FUS is FDA-approved to treat three medical conditions, but the needed equipment costs hundreds of thousands of dollars and is tough to find.
An early stage medical technology is being touted as having the ability to treat a range of medical conditions, but with just one problem: it's hard to find.
Focused ultrasound (FUS) is FDA-approved to treat three medical conditions and under investigation to treat dozens more. Recently this week, surgeon Dr. Sanjay Gupta explored the topic of FUS as an experimental treatment for Parkinson’s disease.
But the needed equipment costs hundreds of thousands of dollars and is tough to find, limiting potentially lifesaving research.
Vanderbilt University’s William Grissom, assistant professor of biomedical engineering, and Charles Caskey, assistant professor of radiology, are throwing open doors with a do-it-yourself, open-source software and hardware guide so that researchers can convert imaging machines into FUS and find their own applications.
“It’s just cranking the power way up on a regular ultrasound system and using a lower frequency than with imaging ultrasound,” Grissom said. “You can put a lot of focused energy into one place, and the mechanical acoustic energy is converted into heat. The heat is what ends up killing the targeted tissue, with no damage to the intervening tissue.”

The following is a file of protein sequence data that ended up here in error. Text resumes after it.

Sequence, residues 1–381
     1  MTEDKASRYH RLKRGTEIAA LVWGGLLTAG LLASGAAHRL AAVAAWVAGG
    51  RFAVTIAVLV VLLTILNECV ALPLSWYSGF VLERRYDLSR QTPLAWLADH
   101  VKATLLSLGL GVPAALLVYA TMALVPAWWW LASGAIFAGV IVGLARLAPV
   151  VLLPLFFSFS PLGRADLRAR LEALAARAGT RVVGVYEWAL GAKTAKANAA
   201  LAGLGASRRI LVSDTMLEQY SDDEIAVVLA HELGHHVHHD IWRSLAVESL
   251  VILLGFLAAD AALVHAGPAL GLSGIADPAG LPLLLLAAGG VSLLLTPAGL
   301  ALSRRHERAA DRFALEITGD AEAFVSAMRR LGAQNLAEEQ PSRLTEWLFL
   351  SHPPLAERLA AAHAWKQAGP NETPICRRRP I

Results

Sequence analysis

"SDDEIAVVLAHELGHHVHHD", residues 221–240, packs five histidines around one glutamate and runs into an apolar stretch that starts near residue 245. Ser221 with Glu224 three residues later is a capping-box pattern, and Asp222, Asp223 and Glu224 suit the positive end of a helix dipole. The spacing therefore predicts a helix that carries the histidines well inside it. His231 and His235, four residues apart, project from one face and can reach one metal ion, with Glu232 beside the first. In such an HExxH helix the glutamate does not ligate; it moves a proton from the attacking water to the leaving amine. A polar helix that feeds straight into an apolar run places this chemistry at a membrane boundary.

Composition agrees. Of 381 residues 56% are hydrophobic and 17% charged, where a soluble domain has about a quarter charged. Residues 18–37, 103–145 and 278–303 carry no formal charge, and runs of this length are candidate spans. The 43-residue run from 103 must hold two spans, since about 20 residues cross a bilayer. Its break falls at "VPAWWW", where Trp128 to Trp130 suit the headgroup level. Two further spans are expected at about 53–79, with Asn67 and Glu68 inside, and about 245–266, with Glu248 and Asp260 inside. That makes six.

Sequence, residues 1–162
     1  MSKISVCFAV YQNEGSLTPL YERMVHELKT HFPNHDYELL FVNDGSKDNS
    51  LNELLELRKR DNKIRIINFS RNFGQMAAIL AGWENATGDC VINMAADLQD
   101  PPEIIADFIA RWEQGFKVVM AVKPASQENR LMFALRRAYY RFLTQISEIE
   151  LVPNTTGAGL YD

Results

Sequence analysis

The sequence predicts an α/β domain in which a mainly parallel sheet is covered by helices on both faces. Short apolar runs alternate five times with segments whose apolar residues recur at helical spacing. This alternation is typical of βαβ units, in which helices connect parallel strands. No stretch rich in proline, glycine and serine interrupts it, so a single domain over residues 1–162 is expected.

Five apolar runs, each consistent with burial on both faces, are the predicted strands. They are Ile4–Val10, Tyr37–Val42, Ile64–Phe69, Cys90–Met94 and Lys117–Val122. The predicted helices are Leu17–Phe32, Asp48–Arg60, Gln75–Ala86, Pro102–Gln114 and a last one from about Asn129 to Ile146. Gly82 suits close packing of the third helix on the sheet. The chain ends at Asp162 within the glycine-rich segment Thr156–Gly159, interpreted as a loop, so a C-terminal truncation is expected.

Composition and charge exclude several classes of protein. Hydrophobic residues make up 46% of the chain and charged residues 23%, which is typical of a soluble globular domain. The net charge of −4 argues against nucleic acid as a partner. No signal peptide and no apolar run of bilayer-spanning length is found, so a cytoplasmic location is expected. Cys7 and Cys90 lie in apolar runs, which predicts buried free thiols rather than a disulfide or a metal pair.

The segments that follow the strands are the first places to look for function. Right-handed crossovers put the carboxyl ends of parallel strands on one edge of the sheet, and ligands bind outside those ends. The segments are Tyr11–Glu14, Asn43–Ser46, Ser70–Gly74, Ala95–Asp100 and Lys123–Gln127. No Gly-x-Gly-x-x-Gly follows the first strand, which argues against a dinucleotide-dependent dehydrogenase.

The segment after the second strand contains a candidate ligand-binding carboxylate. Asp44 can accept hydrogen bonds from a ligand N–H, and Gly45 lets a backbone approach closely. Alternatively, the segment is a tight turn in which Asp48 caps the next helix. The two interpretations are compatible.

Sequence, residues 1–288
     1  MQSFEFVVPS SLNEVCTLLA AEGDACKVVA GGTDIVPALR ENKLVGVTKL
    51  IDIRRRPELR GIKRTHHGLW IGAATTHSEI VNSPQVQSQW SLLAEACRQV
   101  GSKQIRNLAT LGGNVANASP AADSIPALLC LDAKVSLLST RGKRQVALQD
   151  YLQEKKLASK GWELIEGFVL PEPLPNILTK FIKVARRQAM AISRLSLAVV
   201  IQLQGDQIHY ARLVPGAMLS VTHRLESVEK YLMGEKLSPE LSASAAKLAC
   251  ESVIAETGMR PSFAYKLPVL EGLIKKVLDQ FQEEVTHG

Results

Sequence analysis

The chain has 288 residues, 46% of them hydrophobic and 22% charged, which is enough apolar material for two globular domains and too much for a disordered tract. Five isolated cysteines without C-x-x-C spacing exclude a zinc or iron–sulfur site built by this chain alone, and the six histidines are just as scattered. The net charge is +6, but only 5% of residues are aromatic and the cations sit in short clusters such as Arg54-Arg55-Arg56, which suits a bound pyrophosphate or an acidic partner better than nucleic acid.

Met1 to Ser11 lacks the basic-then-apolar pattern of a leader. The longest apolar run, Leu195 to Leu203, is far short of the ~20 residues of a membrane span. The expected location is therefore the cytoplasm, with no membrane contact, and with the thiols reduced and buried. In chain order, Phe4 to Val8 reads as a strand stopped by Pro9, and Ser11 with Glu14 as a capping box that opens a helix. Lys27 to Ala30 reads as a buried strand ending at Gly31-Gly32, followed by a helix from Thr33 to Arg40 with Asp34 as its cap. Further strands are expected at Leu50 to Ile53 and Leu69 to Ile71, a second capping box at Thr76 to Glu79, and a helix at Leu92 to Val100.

So far, FUS is used to treat bone metastases, uterine fibroids and prostate tumours. In addition to not harming surrounding tissue, it requires no incisions and, unlike metal devices that must be inserted into the body, is usable with magnetic resonance guidance so surgeons can see what they’re targeting.
The project was funded through a U.S. Department of Defence grant to investigate whether FUS could be used to train the immune system to kill the body’s cancers, leveraging what’s called the abscopal effect.
“The most successful methods have been in the form of viral DNA,” Grissom said. “But a number of people have been researching whether we can use FUS to amplify its effectiveness and target it better.”
The instructions for hardware and the needed software are downloadable for free on the Vanderbilt University Institute for Imaging Science website. The hardware costs about $10,000, mostly for the MR-compatible transducer and amplifier and the function generator, Grissom said.
Making the information widely available will be a boon to research, Caskey said.
“The lack of well-described, accessible, pre-clinical focused ultrasound systems limits progress and decreases repeatability of new developments,” he told the Focused Ultrasound Foundation. “Our open-source system can deliver repeatable, precise, and quantifiable thermal and mechanical focused ultrasound over an extended period in small animals.”